WCA Owner/Tenant Contact Update Form

(click here)

Maintaining current contact information helps the board and its committees reach owners and tenants with important board announcements as well as during emergency events such as a water/gas main break or to report storm damage to vehicles or other property.  Each owner and paying tenant should complete a separate form.  Non-resident owners should enter their address at the end of the form.  Note: You do NOT need to have a Google account in order to update and submit the form.

June 13, 2019

Recycling Reminder...

When in Doubt...Throw It Out!
Many items should never be put into the recycling container as they are not recyclable by the local processors. If you find yourself questioning if something is recyclable or not, follow the guidance, "When in doubt...throw it out." The wrong items, such as a dirty diaper, or a contaminated item, such as a half empty jar of peanut butter, could – or more than likely will – ruin an entire batch or truckload of clean recyclables, such as mail, cardboard or newspapers.

The Most Common Recycling Contaminants
The most common contaminants that Republic Services sees in the everyday recycling stream are:
  • Diapers
  • Yard waste
  • Old clothes or shoes
  • Food
  • Plastic grocery bags
None of these items are recyclable. Trying to recycle unclean or unrecyclable materials increases sorting time and slows down the recycling process, damages the recycling facility's equipment and causes contaminants in the bales of clean recyclables that decreases the value of the items.
What Should NEVER Be Placed in the Curbside Recycling Bin:
  • Disposable diapers and puppy pads
  • Tissue, paper towels or paper napkins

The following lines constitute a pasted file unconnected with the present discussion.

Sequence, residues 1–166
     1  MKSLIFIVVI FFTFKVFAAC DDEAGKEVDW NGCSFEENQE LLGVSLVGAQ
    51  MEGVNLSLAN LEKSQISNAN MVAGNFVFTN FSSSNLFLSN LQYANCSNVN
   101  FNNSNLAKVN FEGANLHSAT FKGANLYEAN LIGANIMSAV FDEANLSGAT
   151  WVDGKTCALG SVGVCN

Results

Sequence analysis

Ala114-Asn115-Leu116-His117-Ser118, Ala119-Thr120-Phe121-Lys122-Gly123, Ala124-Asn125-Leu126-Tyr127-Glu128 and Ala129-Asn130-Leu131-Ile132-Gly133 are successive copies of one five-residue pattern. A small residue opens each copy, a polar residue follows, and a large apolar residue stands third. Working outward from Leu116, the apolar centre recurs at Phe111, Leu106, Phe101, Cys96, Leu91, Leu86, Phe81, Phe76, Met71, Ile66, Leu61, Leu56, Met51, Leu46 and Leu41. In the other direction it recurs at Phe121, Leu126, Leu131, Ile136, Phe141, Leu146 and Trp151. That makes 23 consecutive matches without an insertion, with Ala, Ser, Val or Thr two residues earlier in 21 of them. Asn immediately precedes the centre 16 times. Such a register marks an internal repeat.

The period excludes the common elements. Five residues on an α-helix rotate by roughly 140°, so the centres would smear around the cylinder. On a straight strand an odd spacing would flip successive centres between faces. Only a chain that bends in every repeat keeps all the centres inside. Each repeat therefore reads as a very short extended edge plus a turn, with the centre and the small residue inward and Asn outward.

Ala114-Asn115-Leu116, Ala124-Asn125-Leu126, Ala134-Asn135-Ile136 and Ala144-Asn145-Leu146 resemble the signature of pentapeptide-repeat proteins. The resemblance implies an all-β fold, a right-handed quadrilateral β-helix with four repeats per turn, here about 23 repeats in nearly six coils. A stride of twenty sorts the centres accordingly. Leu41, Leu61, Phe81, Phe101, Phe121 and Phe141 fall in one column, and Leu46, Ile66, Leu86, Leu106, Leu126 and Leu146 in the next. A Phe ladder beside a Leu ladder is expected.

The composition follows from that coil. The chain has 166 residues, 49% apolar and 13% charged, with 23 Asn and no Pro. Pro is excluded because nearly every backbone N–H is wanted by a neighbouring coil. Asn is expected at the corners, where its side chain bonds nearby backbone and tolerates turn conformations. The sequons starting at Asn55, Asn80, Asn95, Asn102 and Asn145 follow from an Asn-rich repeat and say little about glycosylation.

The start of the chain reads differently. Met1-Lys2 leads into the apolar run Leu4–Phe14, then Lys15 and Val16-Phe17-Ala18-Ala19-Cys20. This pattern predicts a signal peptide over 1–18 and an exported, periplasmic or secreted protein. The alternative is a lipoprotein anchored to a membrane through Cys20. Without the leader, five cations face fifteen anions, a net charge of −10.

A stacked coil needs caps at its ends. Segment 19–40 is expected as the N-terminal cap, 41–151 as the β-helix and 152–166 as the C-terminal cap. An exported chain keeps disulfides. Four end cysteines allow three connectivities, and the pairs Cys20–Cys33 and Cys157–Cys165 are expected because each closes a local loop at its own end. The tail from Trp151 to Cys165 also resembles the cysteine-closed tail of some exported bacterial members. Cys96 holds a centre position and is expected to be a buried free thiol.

• Clothing, shoes and other textiles
  • Yard waste, plants, grass clippings, hoses and garden accessories
  • Styrofoam, fiberglass and other foam packing material
  • Hardcover books
  • Ropes, chains and cords
  • Plastic grocery bags and photographic film
  • Food waste
  • Window glass, mirrors, light bulbs, batteries, and cookware
  • Soil or dirt, furniture, mattresses and insulation
  • Treated or contaminated wood, sheetrock or drywall
Plastic Grocery Bags
Did you know that plastic grocery bags cannot be recycled with other curbside materials? Plastic bags jam the recycling equipment and contaminate the bales. Try reusing or repurposing your grocery bags or, when ready to discard them, put plastic bags in the trash or return them to your local grocery store to be recycled through a separate commercial recycling process. You may also consider the use of reusable grocery bags for trips to the pharmacy or the grocery store.

Is Yard Waste Recyclable?
Yard waste, including tree trimmings and grass or dead plants, cannot be put into the recycling container. Yard waste is collected on Wednesdays during the spring, summer, and fall.

"Reuse, Repurpose or Recycle" Does Not Mean Everything Goes Together
You've heard the phrase, "reuse, repurpose or recycle." That doesn't actually mean that everything goes into one container to be sorted or separated out. Items that can be reused or repurposed, such as a pair of shoes or article of clothing, do not belong in the recycling container. If you have items you would like to repurpose or donate, please do so directly. The recycling facility does not separate and collect items to be sent to secondhand stores or charity organizations. Items such as clothing and shoes will end up in the landfill.
Empty, Clean & Dry
Not everything we put into the recycling container is recyclable or it might be, but it's not ready to be recycled. Sometimes a perfectly good item like newspaper is ruined because other items are wet or dirty.  So, what is the proper way to prepare your recyclables for the recycling container? It's easy – just remember: Empty, Clean and Dry.

Always make sure recyclables are:
  • EMPTY of their contents;
  • CLEAN of any residue; and
  • DRY before placing them in a recycling container.
And remember – when in doubt, throw it out!